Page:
Kraken was ordered to provide personal information about its users to IRS in a court filing. The filing states that Kraken must provide the IRS with identifying information about users who have traded at least $20,000 worth of crypto assets in a single year. This applies to users who were active between January 1, 2016, and December 31, 2020. The court ruled that Kraken must share certain information such as usernames, dates of birth, tax IDs, addresses, and contact information.
In particular, it ruled that the tax authorities' requirements for KYC/AML data and information about users' employment, assets, and wealth sources were too broad. As such, Kraken does not have to provide this data to his IRS yet.
Kraken must not only provide useful information but also provide certain on-chain information such as transaction hashes and blockchain addresses. The amount of blockchain data Kraken needs to provide accounts for a “chain split” or hard fork that could affect a user's inventory, but is not fully documented in Kraken's records. yeah.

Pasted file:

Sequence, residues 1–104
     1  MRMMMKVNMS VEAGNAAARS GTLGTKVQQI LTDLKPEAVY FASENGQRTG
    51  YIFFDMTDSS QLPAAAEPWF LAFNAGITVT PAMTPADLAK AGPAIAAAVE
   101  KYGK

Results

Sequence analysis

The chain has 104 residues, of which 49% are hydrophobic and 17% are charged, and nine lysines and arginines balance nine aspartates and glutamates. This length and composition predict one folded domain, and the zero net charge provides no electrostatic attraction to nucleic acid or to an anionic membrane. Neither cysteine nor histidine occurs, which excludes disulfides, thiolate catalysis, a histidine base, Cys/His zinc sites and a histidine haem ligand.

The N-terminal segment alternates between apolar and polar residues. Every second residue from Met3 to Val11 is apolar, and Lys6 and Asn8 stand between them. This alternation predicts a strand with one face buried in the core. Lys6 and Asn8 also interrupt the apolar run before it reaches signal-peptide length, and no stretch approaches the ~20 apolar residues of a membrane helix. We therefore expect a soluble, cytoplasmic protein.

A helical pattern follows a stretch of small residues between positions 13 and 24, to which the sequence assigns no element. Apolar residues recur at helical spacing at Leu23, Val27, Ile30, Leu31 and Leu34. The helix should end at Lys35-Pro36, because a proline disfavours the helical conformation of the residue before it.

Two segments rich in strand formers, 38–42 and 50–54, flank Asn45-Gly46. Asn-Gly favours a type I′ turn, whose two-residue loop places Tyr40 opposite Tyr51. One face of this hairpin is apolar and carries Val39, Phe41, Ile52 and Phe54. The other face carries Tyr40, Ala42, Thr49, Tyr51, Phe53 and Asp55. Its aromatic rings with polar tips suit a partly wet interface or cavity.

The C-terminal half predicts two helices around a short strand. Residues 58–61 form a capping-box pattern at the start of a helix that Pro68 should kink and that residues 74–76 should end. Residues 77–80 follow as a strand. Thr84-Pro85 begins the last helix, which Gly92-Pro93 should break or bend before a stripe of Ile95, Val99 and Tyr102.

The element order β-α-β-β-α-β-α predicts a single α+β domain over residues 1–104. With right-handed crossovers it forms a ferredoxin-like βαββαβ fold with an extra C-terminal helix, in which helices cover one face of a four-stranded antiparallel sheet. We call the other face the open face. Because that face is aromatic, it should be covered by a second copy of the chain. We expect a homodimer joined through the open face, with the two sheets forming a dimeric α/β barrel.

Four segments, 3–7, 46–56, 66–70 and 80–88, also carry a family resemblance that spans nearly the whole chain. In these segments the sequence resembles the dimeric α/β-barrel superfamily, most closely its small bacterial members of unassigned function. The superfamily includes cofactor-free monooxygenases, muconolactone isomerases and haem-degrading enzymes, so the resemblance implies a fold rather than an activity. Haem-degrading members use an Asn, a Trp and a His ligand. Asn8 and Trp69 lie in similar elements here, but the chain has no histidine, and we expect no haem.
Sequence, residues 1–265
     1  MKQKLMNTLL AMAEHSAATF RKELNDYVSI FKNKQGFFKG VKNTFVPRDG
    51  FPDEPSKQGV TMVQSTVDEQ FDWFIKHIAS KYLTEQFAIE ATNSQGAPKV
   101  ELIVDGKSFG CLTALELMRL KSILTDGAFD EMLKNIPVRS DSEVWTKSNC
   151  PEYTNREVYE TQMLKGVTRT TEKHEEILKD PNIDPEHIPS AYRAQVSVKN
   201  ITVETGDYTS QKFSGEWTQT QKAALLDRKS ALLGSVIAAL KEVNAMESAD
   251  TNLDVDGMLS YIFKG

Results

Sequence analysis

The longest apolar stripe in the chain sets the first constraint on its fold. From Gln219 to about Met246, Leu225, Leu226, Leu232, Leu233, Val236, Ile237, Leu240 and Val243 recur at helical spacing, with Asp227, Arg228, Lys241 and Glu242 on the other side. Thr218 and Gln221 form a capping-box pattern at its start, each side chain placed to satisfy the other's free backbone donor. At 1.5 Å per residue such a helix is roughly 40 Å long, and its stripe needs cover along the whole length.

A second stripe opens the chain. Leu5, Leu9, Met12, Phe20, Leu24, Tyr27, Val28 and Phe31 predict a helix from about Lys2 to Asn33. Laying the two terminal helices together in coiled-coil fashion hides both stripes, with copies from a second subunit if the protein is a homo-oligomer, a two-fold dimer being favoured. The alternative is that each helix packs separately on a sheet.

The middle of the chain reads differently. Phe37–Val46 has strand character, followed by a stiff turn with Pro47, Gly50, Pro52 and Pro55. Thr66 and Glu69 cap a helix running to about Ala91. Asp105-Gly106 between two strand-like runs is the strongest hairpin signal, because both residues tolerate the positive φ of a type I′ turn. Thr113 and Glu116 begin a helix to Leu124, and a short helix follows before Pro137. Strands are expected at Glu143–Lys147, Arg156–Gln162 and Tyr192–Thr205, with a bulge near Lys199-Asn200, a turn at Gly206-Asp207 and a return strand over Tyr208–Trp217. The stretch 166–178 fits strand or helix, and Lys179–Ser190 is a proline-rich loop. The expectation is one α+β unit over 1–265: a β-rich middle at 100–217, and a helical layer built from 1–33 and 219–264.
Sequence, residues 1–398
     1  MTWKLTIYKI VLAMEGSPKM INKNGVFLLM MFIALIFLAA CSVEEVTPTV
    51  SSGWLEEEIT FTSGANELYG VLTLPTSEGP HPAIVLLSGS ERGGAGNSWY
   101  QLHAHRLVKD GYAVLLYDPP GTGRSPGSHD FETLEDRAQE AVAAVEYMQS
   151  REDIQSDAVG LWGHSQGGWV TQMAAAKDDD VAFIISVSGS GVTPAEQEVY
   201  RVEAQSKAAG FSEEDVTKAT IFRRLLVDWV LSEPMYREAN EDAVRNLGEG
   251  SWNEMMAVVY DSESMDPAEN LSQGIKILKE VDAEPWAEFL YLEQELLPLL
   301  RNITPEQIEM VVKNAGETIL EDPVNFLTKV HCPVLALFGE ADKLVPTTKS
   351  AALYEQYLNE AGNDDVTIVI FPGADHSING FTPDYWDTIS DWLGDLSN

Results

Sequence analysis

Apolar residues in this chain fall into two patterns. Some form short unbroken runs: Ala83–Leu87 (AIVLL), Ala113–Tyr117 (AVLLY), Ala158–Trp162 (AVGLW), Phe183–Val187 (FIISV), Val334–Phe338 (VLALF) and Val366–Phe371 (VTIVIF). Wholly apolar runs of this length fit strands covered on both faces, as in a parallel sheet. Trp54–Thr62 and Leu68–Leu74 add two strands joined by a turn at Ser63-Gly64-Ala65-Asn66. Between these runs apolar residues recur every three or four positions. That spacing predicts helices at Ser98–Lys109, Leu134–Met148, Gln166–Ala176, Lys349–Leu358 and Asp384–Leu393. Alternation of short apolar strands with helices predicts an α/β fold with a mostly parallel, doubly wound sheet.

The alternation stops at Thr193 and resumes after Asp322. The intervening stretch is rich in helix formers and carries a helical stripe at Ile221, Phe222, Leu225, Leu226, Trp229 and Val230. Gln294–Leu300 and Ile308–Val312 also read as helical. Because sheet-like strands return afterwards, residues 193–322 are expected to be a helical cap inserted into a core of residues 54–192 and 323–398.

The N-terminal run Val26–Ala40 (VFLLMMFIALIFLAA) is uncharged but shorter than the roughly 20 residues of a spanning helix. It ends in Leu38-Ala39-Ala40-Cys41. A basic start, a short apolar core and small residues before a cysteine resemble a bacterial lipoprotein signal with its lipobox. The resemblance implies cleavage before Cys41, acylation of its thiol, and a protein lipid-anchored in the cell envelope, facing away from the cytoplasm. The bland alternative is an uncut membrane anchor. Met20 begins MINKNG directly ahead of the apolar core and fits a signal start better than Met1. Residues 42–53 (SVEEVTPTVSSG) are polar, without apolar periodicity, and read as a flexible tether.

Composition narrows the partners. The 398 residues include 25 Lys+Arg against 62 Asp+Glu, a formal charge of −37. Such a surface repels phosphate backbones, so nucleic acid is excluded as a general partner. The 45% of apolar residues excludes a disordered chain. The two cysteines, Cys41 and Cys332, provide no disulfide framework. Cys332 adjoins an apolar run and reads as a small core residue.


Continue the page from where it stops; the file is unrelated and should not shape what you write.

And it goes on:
Finally, Kraken has been asked to provide certain transaction records, particularly transaction records determined not to be involved in excessive government solicitation.
The IRS has been hunting for Kraken data for years
The IRS has been trying to obtain Kraken user credentials since at least May 2021, when it was allowed to serve subpoenas on exchanges. The current lawsuit began in February 2023 after officers attempted to serve a 2021 subpoena.
Tax authorities have historically accessed customer data from other crypto platforms such as Coinbase, Circle, and SFOX. Recent polls show that the majority of cryptocurrency investors do not pay taxes on their investments or profits, even if there are rules.